and`carb`

.)We also

**set**the transparency to 50%. The gives the same value of`alpha`

to all glyphs in this layer.

`ggformula`

allows for on-the-fly calculations of attributes, although the default labeling of the plot is often better if we create a new variable in our data frame. In the examples below, since there are only three values for `carb`

, it is easier to read the graph if we tell R to treat `cyl`

as a categorical variable by converting to a factor (or to a string). Except for the labeling of the legend, these two plots are the same.

For some plots, we only have to specify the x-position because the y-position is calculated from the x-values. Histograms, densityplots, and frequency polygons are examples. To illustrate, we’ll use density plots, but the same ideas apply to `gf_histogram()`

, and `gf_freqpolygon()`

as well. *Note that in the one-variable density graphics, the variable whose density is to be calculated goes to the right of the tilde, in the position reserved for the x-axis variable.*

```
data(Runners, package = "mosaicModel")
Runners <- Runners %>% filter( ! is.na(net))
gf_density( ~ net, data = Runners)
gf_density( ~ net, fill = ~ sex, alpha = 0.5, data = Runners)
# gf_dens() is similar, but there is no line at bottom/sides, and it is not "fillable"
gf_dens( ~ net, color = ~ sex, alpha = 0.7, data = Runners)
```

Several of the plotting functions include additional arguments that do not modify attributes of individual glyphs but control some other aspect of the plot. In this case, `adjust`

can be used to increase or decrease the amount of smoothing.

When the `fill`

or `color`

or `group`

aesthetics are mapped to a variable, the default behavior is to lay the group-wise densities on top of one another. Other behavior is also available by using `position`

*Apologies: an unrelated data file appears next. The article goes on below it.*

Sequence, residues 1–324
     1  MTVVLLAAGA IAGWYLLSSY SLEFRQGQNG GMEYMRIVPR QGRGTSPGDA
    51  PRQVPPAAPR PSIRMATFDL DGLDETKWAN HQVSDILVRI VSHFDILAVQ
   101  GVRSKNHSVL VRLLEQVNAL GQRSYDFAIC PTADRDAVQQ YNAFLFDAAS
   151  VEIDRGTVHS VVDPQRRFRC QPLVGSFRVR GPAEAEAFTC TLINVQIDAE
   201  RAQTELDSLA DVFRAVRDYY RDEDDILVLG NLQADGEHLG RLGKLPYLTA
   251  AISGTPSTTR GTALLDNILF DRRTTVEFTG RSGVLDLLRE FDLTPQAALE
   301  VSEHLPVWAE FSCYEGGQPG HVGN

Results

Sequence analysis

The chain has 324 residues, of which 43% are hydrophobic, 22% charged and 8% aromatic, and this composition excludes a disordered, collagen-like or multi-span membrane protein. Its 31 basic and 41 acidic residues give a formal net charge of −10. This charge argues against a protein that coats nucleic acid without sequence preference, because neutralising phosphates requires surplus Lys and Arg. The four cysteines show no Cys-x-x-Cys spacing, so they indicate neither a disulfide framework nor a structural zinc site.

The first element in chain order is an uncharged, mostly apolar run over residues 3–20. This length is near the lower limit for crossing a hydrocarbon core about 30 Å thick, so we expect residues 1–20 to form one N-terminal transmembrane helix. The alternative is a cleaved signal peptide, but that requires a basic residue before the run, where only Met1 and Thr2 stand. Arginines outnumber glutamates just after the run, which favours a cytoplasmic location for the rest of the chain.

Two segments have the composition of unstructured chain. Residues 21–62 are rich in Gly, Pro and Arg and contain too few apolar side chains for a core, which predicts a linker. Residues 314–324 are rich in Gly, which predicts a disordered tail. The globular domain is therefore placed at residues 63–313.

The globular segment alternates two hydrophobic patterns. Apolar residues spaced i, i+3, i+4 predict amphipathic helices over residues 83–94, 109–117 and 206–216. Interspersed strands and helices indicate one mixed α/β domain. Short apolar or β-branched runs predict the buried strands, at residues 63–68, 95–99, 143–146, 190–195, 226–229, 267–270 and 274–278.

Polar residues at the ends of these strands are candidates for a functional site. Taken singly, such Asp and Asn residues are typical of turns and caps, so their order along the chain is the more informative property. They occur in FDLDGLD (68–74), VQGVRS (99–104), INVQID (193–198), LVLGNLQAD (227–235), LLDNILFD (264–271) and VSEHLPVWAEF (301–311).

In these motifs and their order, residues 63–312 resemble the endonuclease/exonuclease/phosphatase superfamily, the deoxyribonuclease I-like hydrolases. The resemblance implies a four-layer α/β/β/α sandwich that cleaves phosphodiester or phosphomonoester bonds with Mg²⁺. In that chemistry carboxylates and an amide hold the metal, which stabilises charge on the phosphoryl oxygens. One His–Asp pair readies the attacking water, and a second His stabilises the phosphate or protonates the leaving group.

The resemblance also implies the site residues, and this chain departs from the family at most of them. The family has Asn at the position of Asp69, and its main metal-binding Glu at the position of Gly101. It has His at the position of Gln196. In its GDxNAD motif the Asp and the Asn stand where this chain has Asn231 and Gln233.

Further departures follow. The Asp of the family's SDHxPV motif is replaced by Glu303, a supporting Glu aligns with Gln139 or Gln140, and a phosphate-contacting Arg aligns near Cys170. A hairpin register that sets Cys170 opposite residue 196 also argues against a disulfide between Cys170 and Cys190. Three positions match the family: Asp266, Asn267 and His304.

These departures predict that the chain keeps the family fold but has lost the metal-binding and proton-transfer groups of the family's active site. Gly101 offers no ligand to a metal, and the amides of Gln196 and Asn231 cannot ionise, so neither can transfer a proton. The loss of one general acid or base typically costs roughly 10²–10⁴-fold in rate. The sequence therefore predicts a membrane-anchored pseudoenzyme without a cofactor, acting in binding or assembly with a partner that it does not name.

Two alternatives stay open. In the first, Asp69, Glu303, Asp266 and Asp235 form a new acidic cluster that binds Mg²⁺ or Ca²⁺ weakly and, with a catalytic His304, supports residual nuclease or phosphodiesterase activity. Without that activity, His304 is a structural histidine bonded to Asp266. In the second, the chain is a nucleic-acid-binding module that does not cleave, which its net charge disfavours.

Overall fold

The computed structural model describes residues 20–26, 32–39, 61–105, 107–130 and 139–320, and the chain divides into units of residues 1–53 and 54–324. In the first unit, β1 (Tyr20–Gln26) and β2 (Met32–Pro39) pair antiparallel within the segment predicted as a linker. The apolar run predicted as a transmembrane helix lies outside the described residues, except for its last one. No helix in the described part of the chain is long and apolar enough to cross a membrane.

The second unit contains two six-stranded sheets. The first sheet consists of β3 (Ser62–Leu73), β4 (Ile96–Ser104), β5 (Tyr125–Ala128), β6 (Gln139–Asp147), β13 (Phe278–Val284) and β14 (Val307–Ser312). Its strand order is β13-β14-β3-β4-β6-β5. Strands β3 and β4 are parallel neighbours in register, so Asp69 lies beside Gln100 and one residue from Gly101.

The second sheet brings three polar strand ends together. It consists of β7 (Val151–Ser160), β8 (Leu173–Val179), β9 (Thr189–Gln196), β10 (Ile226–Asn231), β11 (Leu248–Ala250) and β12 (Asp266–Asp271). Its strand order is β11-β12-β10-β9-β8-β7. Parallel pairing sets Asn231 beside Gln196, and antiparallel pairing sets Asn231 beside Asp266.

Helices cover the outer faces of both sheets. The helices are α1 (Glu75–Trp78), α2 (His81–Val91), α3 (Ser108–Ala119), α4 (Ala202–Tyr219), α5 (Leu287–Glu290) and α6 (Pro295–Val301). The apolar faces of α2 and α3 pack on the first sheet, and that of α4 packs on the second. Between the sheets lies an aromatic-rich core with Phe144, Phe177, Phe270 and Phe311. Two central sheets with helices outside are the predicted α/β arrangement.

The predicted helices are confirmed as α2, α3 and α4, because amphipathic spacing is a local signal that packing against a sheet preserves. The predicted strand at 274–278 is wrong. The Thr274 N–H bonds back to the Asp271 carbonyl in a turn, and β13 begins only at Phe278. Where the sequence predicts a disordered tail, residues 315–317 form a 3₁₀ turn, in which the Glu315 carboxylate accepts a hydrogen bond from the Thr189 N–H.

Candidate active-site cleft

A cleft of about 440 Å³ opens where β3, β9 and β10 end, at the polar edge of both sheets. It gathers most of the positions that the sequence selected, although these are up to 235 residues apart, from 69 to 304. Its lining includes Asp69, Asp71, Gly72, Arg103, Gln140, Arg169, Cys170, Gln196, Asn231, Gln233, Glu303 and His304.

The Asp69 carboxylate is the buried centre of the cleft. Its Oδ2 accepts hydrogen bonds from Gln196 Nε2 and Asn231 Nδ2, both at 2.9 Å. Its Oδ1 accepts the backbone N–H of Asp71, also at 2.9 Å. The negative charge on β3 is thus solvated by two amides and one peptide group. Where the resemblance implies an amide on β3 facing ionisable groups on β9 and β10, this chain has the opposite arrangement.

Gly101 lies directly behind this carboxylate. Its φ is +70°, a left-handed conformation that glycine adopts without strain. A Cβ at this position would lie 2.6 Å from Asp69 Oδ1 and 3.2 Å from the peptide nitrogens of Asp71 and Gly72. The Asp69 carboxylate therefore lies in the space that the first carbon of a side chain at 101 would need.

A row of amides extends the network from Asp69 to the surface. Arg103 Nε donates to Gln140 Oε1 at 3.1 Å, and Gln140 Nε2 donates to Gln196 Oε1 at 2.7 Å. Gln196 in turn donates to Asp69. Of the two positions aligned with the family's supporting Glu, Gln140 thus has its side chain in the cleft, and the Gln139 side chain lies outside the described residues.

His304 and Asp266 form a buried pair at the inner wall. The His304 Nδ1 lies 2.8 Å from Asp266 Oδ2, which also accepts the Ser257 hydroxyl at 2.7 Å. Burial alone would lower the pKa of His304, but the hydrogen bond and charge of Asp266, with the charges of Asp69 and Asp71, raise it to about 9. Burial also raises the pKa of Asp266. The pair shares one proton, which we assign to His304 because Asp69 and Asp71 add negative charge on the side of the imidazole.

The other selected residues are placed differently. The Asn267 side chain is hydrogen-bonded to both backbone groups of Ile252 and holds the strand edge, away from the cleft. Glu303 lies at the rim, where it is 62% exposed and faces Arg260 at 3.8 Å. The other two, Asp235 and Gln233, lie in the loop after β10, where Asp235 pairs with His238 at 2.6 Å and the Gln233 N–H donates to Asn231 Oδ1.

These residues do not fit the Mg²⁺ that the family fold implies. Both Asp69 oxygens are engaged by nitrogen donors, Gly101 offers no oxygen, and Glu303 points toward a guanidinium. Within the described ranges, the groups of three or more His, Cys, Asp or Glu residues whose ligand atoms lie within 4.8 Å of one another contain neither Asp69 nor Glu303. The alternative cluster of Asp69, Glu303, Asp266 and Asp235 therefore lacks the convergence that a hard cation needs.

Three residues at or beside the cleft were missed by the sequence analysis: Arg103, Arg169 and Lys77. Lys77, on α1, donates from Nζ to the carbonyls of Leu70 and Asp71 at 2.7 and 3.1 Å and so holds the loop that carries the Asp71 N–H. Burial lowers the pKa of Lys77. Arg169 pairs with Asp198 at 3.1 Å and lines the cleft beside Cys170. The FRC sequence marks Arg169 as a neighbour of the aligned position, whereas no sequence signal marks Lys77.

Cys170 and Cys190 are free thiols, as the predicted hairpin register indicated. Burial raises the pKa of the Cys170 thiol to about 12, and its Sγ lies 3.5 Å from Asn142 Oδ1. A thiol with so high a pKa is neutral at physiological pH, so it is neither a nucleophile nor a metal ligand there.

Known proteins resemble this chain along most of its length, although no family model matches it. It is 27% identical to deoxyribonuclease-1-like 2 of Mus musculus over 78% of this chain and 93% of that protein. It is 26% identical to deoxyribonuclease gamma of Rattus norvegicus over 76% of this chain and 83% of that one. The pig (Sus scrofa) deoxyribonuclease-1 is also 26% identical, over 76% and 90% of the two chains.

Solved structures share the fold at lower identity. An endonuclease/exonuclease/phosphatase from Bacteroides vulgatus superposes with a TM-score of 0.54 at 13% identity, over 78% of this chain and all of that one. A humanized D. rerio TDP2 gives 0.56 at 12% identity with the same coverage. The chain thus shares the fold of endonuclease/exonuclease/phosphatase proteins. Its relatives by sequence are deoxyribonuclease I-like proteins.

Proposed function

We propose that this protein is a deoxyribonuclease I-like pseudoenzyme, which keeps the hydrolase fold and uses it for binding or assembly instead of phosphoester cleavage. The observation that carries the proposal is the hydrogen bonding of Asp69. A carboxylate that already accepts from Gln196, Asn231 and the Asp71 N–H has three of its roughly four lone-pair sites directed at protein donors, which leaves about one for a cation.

in the formula. Using the value `"stack"`

causes the densities to be laid one on top of another, so that the overall height of the stack is the density across all groups. The value `"fill"`

produces a conditional probability graphic.

```
gf_density( ~ net, fill = ~ sex, color = NA, position = "stack", data = Runners)
gf_density( ~ net, fill = ~ sex, color = NA, position = "fill", data = Runners, adjust = 2)
```

Similar commands can be constructed with `gf_histogram()`

and `gf_freqpoly()`

, but note that `color`

, not `fill`

, is the active attribute for frequency polygons. It’s also rarely good to overlay histograms on top of one another – better to use a density plot or a frequency polygon for that application.

The `ggplot2`

system allows you to make subplots — called “facets” — based on the values of one or two categorical variables. This is done by chaining with `gf_facet_grid()`

or `gf_facet_wrap()`

. These functions use formulas to specify which variable(s) are to be used for faceting.

```
gf_density_2d(net ~ age, data = Runners) %>% gf_facet_grid( ~ sex)
# the dot here is a bit strange, but required to make a valid formula
gf_density_2d(net ~ age, data = Runners) %>% gf_facet_grid( sex ~ .)
gf_density_2d(net ~ age, data = Runners) %>% gf_facet_wrap( ~ year)
gf_density_2d(net ~ age, data = Runners) %>% gf_facet_grid(start_position ~ sex)
```

An alternative syntax uses `|`

to separate the faceting information from the main part of the formula.

Here is another example using our weather data. The redundant use of the `y`

and `color`

attributes for temperature makes it easier to compare across facets.

```
gf_ribbon(low_temp + high_temp ~ date | city ~ year, data = Weather, alpha = 0.3)
gf_linerange(low_temp + high_temp ~ date | city ~ year, color = ~ avg_temp, data = Weather) %>%
gf_refine(scale_colour_gradientn(colors = rev(rainbow(5))))
```

In this case, we should either not facet by year, or allows the x-scale to be freely adjusted in each column so that we don’t have so much unnecessary white space. We can do the latter using the `scales`

argument to `gf_facet_grid()`

.

Sometimes you have so many points in a scatter plot that they obscure one another. The `ggplot2`

system provides two easy ways to deal with this: translucency and jittering.

Use `alpha = 0.5`

to make the points semi-translucent. If there are many points overlapping at one point, a much smaller value of alpha, say `alpha = 0.01`

. We’ve already seen this above.

Using `gf_jitter()`

in place of `gf_point()`

will move the plotted points to reduce overlap. Jitter and transparency can be used together as well.

Box and whisker plots show the distribution of a quantitative variable as a function of a categorical variable. The formula used in `gf_boxplot()`

should have the quantitative variable to the left of the tilde. (To make horizontal boxplots using `ggplot2`

you have to make vertical boxplots and then flip the coordinates with `coord_flip()`

.)